• There are not sufficient U.S. workers able, willing, available, and minimally qualified at the time and place of an alien’s entry; and
  • The alien will not displace U.S. workers or adversely affect the wages or working conditions of U.S. workers. This is established by demonstrating that no minimally qualified, able, and willing U.S. worker is available.
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This category is potentially more competitive that EB-1 but in a different way. Though EB-1 visas are attractive to the best, brightest, and most accomplished in their field, the number of people eligible for an EB-1 is considerably smaller than those for an EB-3. As a result, this category has a very significant backlog no matter which country the foreign national is from.

The Third Preference employment-based visa category is for other professionals, skilled workers, and other workers who fit into one of the following three sub-categories:

  • skilled workers with at least two (2) years’ experience;
  • professionals with a bachelor’s degree (or foreign degree equivalent) that is required for the job position; or
  • other workers with less than two years’ experience that is required for the position.
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The Employment-Based Fourth Preference (EB-4) category is a pathway to US permanent resident status for religious workers and other special immigrant workers who are employees of the U.S. government, Iraqi & Afghani translators in the U.S. armed forces, certain physicians, and others as listed below. Depending on the category, applicants may be self-petitioning or be required to have an employer petition on their behalf.

Who is eligible?

  • Religious Workers
  • Broadcasters
  • Iraqi/Afghan Translators (Capped at 50 per year)
  • Iraqis who have assisted the US
  • International Organization Employees
  • Physicians who have worked for the US government abroad or domestically
  • Armed Forces Members
  • Panama Canal Zone Employees
  • Retired NATO-6 employees, or their surviving spouses & children


Requirements For Intending Immigrant

  • Evidence that intending immigrant has been a member of the denomination for 2 years immediately prior to petition filing. Can be: religious certificates, ordinations, acceptance into the denomination, courses & education completion in the organization, transcripts, etc.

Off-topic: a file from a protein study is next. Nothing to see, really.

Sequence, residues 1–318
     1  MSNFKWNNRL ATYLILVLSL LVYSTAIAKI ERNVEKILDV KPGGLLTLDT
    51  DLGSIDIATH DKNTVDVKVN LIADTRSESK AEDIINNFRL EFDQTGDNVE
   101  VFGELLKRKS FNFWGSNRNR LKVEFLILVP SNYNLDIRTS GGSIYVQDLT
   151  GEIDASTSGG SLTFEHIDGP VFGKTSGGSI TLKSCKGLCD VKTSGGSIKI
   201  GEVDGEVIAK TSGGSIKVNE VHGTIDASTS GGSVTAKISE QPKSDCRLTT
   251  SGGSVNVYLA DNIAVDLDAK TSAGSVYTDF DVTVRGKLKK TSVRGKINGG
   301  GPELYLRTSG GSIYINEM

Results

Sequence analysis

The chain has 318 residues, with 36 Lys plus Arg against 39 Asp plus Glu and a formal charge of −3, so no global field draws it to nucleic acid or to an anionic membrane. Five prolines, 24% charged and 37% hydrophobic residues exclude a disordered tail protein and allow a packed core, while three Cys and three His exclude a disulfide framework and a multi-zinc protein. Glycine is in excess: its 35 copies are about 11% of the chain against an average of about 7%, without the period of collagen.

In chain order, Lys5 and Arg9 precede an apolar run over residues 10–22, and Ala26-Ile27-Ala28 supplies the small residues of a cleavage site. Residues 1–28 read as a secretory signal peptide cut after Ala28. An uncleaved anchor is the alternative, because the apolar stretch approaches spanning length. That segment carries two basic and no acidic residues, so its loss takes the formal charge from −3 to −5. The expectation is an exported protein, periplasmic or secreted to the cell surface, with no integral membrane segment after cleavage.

• Evidence of the intending immigrant’s religious background, such as: certificates of ordination, or acceptance as a minister or related religious position.
  • If worker will be financially self-supporting, evidence of nature of position as to why it is not salaried, including job duties, and evidence of financial ability for worker to support themself (bank records, pay stubs, etc) is needed.
  • Evidence that the intending immigrant has been employed full-time by the same religious denomination in a religious occupation for 2 years immediately prior before filing.


Requirements For Non-profit Religious Organization

  • Proof of tax exempt status, usually IRS 501(c)(3) letter;
  • Proof of salaried or non-salaried compensation. Can be budget, proof of past compensation for similar position, evidence of room & board provided, W-2s, etc. If room & board will be provided as part of the compensation, documentary evidence is needed to demonstrate the organizations intent & ability to provide it.

Attestation from authorized religious official that: the religious organization is a bona fide non-profit; the intending worker has been a member of the organization for at least 2 years; the number of members of the employer’s organization; job description & number of employees at the job site; number of workers holding R-1 or special immigrant status that have worked for the organization over the past 5 years; number of R-1 or special immigrant petitions filed by the organization for the past 5 years; job title offered to intending worker; details of salaries or non-salaried compensation; that the intending worker will work 35 hours per week; the specific location of the intending employment; and that the intending worker will not engage in employment outside the religious organization.

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USCIS administers the Immigrant Investor Program, also known as “EB-5,” created by Congress in 1990 to stimulate the U.S. economy through job creation and capital investment by foreign investors. Under a pilot immigration program first enacted in 1992 and regularly reauthorized since, certain EB-5 visas also are set aside for investors in Regional Centers designated by USCIS based on proposals for promoting economic growth.

  • All EB-5 investors must invest in a new commercial enterprise, which is a commercial enterprise:
  • Established after Nov. 29, 1990, or
  • Established on or before Nov. 29, 1990, that is:
  • Purchased and the existing business is restructured or reorganized in such a way that a new commercial enterprise results, or
  • Expanded through the investment so that a 40-percent increase in the net worth or number of employees occurs